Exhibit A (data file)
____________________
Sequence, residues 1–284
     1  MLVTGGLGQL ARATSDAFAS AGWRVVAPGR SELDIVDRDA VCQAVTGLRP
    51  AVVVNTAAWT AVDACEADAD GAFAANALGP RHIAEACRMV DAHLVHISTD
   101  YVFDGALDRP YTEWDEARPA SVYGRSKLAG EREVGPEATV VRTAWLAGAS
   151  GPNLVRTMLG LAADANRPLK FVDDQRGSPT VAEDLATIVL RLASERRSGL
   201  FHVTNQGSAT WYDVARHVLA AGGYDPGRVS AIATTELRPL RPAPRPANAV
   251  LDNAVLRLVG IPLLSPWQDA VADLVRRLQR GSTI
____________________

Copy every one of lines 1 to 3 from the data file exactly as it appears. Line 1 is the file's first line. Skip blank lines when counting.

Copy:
Sequence, residues 1–284
     1  MLVTGGLGQL ARATSDAFAS AGWRVVAPGR SELDIVDRDA VCQAVTGLRP
    51  AVVVNTAAWT AVDACEADAD GAFAANALGP RHIAEACRMV DAHLVHISTD